Union Pacific resumes oil trains traffic through Columbia River Gorge, postpones hearing on rail expansion in Mosier
Mosier, OR: Union Pacific announced this morning (June 22) that it would resume transporting volatile Bakken crude oil through the Columbia River Gorge this week contrary to requests for a moratorium on oil trains by members of the Oregon congressional delegation, Governor Kate Brown of Oregon, and the Columbia River Gorge Commission. Elected officials have called on the Federal Railroad Administration to halt the transport of oil by rail through the Columbia River Gorge National Scenic Area until safety issues are properly identified and addressed.
(See the Gorge Commission’s letter to the Federal Railroad Administration.
“Union Pacific’s derailment in Mosier on June 3 demonstrated what the town of Mosier and many communities along the rail line have known for years,” said Kevin Gorman, Executive Director of Friends of the Columbia Gorge. “Oil-by-rail is fundamentally unsafe and a constant threat to Columbia River Gorge National Scenic Area and every community along the rail lines.”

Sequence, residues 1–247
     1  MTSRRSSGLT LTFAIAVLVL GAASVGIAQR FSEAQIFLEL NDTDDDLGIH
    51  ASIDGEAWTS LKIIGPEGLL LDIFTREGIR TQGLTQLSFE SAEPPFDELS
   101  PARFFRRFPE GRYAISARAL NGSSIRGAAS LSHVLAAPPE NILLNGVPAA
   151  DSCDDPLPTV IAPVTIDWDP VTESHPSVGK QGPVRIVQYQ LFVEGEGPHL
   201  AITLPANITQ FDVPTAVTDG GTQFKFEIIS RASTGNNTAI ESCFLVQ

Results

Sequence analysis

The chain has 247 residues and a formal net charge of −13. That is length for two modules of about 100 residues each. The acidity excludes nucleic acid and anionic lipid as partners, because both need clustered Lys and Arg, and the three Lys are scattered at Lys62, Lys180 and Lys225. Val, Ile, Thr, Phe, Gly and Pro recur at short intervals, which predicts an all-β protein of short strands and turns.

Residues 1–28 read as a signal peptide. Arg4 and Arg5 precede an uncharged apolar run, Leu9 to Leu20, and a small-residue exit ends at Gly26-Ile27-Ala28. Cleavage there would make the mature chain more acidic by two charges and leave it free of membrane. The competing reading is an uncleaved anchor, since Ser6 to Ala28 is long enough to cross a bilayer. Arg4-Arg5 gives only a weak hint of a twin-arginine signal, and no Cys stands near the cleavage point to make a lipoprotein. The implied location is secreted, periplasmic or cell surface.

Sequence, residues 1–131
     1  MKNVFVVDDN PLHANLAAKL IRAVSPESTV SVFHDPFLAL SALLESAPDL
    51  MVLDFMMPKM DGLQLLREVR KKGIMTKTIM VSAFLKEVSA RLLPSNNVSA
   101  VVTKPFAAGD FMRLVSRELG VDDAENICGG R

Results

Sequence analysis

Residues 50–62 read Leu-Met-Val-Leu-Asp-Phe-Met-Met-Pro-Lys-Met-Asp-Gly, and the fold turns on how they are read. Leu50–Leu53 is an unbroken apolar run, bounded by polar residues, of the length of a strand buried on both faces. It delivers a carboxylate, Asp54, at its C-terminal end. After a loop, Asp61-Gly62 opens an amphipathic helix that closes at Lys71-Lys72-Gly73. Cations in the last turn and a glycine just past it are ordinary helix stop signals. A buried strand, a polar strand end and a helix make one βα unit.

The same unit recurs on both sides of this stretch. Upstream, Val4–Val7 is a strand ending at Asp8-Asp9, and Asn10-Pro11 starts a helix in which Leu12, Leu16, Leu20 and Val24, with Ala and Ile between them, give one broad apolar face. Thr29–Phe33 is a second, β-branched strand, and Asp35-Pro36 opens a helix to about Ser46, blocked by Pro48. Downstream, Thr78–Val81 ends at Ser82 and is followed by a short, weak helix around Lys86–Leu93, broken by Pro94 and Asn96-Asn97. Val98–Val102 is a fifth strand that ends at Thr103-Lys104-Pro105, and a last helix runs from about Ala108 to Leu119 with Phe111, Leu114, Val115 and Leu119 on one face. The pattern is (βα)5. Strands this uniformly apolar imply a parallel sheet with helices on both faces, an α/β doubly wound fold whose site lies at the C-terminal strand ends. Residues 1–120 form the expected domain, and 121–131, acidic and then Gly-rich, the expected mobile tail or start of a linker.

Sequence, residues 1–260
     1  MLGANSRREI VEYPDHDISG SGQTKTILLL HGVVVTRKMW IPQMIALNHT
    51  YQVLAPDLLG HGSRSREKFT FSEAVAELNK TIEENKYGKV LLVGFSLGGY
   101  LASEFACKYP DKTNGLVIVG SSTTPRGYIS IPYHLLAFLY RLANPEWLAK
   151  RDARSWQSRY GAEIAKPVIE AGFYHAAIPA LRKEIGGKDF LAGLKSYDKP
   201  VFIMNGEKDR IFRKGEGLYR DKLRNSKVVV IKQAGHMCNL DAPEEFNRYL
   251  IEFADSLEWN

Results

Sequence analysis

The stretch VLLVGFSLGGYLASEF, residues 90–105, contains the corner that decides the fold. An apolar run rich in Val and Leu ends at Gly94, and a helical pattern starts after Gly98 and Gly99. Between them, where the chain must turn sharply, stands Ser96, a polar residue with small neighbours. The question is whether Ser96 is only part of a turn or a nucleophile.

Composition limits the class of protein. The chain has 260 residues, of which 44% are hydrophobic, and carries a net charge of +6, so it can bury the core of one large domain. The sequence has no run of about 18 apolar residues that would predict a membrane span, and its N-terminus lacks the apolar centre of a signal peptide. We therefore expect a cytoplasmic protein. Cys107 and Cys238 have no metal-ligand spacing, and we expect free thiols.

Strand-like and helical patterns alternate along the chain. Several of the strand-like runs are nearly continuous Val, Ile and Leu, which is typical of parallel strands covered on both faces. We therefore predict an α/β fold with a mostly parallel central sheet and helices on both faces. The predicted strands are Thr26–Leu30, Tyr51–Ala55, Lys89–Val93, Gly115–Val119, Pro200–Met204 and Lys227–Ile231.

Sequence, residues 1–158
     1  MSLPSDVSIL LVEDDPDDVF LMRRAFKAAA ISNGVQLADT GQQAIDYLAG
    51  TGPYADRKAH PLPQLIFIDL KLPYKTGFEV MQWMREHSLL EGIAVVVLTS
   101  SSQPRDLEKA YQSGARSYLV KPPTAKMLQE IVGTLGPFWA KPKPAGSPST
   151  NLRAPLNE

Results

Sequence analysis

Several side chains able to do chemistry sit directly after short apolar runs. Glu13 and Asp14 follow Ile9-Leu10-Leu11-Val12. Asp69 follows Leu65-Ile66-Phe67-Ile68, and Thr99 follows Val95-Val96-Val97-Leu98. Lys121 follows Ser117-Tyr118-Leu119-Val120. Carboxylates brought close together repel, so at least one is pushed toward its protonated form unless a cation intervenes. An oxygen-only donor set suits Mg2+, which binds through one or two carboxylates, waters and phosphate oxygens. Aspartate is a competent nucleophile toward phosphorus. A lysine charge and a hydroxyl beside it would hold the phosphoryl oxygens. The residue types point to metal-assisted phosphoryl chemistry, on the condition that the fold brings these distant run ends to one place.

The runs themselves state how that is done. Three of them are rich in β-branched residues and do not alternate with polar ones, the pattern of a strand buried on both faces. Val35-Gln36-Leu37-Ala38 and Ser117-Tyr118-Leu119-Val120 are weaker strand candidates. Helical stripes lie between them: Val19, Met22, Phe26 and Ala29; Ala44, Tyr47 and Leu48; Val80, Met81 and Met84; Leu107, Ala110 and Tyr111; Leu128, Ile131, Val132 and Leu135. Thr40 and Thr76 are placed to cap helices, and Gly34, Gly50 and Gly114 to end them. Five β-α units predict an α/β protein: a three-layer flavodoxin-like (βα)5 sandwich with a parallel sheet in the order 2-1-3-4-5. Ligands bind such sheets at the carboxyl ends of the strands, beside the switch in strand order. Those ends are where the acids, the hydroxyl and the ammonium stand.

Union Pacific also announced that it is postponing a public hearing on its proposed rail expansion around the town of Mosier from July 5 to Sept. 6. The proposed four miles of new double track would allow more oil trains to move at higher speeds through the Columbia River Gorge and the town of Mosier. The National Scenic Area permit application is under review by Wasco County. Friends provided detailed comments on the application, cited numerous violations of the National Scenic Area Act, and called for the project to be denied.
And to round out the day for Union Pacific, last night the railroad spilled up to 1,500 gallons of diesel fuel near Bridal Veil in the Columbia River Gorge National Scenic Area. According to Union Pacific, the spill was caused by a faulty fuel filter ring.
Burlington Northern Santa Fe (BNSF)